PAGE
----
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SERM. thy gift before the altar, and go thy way; first be X. reconciled to thy brother, and then come and offer thy gift, saith our Saviour.

I close up all with this corollary: that if we must live lovingly and peaceably with all men, then much more are we obliged to do so with all Christians : to whom by nearer and firmer bands of holy alliance we are related; by more precious communions in faith and devotion we are endeared; by more peculiar and powerful obligations of divine commands, sacramental vows, and formal professions we are engaged: our spiritual brethren, members of the same mystical body, temples of the same Holy Spirit, servants of the same Lord, subjects of the same Prince, professors of the same truth, partakers of the same hope, heirs of the same promise, and candidates of the same everlasting happiness.

Now Almighty God, the most good and beneficent Maker, gracious Lord, and merciful Preserver of all things, infuse into our hearts those heavenly graces of meekness, patience, and benignity, grant us and his whole church, and all his creation to serve him quietly here, and in a blissful rest to praise and magnify him for ever: to whom, with his blessed Son, the great Mediator and Prince of peace, and with his holy Spirit, the everflowing spring of all love, joy, comfort, and peace, be all honour, glory, and praise. And,

The peace of God, which passeth all understanding, keep your hearts and minds in the knowledge and love of God, and of his Son Jesus Christ our Lord; and the blessing of God Almighty, the Father, Son, and Holy Ghost, be among you, and remain with you for ever. Amen.




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Psalm cxii. 9. He hath dispersed, he hath given to the poor; his righteousness endureth for ever, his horn shall be exalted with

honour. As this whole Psalm appears to have a double in- SERM. tent; one to describe the proper actions and affec-> tions of a truly religious or pious man; (of a man who feareth the Lord, and delighteth greatly in Verse 1. his commandments ;) the other to declare the happiness of such a man's state, consequent upon those his affections and actions, whether in way of natural result, or of gracious recompense from God: so doth this verse particularly contain both a good part of a pious man's character, and some considerable instances of his felicity. The first words (He hath dispersed, he hath given to the poor) express part of his character; the latter (his righteousness endureth for ever, his horn shall be exalted with honour) assign instances of his felicity. So that our text hath two parts, one affording us good information concerning our duty, the other yielding great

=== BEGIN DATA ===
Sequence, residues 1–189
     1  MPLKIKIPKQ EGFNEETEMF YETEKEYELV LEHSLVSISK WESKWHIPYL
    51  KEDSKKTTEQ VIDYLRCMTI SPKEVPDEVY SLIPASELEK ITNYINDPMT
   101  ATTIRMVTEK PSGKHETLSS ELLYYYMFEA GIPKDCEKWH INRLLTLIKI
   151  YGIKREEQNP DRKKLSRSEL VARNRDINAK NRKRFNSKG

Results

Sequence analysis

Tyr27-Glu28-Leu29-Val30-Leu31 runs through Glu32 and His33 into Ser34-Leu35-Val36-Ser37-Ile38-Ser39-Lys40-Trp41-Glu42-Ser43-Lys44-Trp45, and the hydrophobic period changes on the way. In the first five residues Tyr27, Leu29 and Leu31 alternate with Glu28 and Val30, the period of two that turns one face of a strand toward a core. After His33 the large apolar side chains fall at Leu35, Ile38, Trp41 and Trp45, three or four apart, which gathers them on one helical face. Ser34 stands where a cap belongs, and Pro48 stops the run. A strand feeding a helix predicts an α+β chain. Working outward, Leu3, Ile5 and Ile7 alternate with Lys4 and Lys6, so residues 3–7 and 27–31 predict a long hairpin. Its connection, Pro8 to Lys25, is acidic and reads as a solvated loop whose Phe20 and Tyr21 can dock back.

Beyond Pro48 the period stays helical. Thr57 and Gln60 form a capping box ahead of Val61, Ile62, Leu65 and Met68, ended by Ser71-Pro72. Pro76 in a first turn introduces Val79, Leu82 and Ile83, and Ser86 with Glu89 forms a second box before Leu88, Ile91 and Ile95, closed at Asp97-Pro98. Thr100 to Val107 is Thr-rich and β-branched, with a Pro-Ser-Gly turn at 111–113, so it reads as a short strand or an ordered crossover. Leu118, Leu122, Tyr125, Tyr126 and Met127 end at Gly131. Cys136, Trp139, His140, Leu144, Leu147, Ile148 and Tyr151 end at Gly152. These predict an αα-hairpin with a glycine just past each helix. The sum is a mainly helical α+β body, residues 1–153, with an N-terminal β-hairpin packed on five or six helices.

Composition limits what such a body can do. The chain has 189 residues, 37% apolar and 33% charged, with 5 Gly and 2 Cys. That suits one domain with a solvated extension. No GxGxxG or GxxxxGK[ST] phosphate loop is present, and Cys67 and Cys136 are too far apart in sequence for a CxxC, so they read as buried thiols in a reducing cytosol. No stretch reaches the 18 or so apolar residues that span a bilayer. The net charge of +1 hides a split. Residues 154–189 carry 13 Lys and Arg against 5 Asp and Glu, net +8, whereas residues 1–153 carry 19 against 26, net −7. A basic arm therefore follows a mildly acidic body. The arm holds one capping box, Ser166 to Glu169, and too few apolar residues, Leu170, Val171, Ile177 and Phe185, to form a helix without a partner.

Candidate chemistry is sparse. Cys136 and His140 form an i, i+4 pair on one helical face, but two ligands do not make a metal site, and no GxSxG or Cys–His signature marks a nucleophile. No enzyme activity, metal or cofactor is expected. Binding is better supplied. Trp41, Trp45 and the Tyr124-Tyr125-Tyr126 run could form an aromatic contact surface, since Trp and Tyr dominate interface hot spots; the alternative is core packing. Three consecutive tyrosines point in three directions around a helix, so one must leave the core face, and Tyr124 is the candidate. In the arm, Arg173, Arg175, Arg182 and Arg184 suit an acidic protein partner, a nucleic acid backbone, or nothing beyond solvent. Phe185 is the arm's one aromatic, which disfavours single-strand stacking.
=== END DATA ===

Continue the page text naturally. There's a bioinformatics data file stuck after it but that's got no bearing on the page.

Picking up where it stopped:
* This Sermon was preached at the Spital upon Wednesday in Easter-week, A. D. 1671.

SERM. encouragement to the performance thereof; for we XXXI. are obliged to follow the pious man's practice, and

so doing we shall assuredly partake of his condition. These parts we shall in order prosecute, endeavouring (by God's assistance) somewhat to illustrate the words themselves, to confirm the truths couched in them, and to inculcate the duties which they imply.

For the first part, He hath dispersed, he hath given to the poor ; these words in general do import the liberal bounty and mercy which a pious man is wont to exercise; doing which doth in good part constitute him pious, and signally declareth him such; is a necessary ingredient of his piety, and a conspicuous mark thereof. But particularly they insinuate some things concerning the nature, the matter, the manner, and the object of those acts.

He hath dispersed, he hath given. Those words being put indefinitely, or without determining what is dispersed and given by him, may be supposed to imply a kind of universality in the matter of his beneficence; that he bestoweth whatever he hath

within compass of his possession, or his power; his Luke xii. rà únápxcuta, (the things which he hath,) and his tà 33. xi. 4. , ,